Low back pain (LBP) is ranked as the top single cause of disability worldwide. Costs have risen faster than for any other health condition and LBP is now equal to ischemic heart disease, and second only to cancer, as the costliest health condition. Approximately 40% of people who experience acute LBP develop chronic pain. These individuals are unresponsive to treatment, experience high levels of pain, struggle to perform daily tasks and frequently develop psychosocial comorbidities. The enormous scale of the problem is matched only by the mystery that accompanies it: despite decades of research, why some people develop chronic LBP while others do not, remains unknown.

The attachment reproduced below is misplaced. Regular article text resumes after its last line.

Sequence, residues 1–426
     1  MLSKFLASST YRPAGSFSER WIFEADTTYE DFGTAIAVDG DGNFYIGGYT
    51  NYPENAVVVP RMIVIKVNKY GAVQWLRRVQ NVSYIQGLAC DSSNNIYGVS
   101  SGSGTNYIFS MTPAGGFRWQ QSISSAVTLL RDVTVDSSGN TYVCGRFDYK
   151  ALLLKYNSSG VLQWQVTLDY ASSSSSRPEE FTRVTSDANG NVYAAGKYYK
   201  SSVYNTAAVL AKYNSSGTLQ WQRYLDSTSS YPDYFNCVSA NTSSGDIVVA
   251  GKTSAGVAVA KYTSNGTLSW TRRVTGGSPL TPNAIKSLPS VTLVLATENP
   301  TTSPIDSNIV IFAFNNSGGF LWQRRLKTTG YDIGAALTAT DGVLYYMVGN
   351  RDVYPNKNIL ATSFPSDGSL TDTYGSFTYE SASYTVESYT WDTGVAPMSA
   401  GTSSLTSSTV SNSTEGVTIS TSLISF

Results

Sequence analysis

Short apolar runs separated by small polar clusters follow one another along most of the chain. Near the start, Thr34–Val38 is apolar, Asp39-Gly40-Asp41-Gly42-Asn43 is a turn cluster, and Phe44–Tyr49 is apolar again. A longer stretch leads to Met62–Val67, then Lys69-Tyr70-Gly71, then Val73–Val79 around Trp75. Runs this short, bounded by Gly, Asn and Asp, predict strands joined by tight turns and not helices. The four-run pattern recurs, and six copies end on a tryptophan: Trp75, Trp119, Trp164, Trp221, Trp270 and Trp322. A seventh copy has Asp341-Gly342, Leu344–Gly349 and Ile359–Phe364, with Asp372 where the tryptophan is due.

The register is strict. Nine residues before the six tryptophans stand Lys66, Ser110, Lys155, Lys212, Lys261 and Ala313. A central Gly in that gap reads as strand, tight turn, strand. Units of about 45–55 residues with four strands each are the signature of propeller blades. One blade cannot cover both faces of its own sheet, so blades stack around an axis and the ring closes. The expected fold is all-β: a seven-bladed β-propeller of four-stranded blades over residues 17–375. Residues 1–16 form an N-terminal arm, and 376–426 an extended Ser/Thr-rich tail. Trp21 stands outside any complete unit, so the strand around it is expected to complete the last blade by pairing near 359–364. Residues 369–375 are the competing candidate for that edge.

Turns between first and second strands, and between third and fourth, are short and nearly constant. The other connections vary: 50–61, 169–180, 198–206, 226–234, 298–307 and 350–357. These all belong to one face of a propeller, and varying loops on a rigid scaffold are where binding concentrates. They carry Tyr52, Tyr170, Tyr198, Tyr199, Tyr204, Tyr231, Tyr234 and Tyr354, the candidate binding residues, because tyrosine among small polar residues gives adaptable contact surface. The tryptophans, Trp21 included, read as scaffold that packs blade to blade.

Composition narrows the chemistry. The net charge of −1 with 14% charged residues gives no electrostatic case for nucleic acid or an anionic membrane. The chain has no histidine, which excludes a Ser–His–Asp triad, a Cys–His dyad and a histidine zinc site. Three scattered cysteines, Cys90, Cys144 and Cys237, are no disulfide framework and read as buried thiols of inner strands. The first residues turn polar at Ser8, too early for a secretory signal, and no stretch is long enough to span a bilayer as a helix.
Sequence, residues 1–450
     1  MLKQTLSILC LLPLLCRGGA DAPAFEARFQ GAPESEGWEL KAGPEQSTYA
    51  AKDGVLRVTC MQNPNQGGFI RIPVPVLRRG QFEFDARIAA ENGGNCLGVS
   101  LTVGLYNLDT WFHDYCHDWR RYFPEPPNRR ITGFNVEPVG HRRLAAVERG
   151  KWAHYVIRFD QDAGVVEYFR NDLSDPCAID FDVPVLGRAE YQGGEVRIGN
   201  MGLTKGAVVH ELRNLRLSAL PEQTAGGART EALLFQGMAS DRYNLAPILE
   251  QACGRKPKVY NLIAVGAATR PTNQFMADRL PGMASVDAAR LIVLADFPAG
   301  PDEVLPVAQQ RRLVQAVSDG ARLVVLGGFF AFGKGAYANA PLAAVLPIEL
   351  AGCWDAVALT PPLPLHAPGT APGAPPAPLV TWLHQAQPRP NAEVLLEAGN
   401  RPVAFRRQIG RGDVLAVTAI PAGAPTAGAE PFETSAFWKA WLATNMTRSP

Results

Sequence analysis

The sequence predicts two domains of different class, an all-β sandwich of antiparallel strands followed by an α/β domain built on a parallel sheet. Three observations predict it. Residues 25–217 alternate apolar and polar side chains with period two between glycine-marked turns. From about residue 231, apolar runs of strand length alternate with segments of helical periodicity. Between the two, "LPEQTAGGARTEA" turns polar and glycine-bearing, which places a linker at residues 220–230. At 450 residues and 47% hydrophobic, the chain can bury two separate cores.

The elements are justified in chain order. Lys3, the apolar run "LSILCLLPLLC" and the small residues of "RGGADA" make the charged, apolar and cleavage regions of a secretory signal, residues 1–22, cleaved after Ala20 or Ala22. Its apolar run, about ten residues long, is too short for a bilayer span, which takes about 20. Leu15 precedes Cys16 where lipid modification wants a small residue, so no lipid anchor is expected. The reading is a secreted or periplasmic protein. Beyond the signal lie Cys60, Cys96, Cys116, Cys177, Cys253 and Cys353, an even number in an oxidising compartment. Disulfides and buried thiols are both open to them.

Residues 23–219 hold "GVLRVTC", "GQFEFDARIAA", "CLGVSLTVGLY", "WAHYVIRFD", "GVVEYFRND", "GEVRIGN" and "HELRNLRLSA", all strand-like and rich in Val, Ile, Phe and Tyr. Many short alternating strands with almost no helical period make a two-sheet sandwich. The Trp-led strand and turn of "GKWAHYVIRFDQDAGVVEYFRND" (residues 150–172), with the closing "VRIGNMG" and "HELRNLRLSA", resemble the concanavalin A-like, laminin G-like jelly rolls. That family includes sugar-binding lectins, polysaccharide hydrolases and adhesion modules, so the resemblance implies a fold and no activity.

The identification of biomarkers that can predict who will develop chronic LBP is a holy grail of pain research. Our new research has uncovered evidence for a unique biomarker signature that appears to predict i) an individual’s susceptibility to high pain severity, even before pain begins and ii) an individual’s susceptibility to developing chronic LBP following an acute episode. These biomarkers are now undergoing detailed investigation in on-going studies.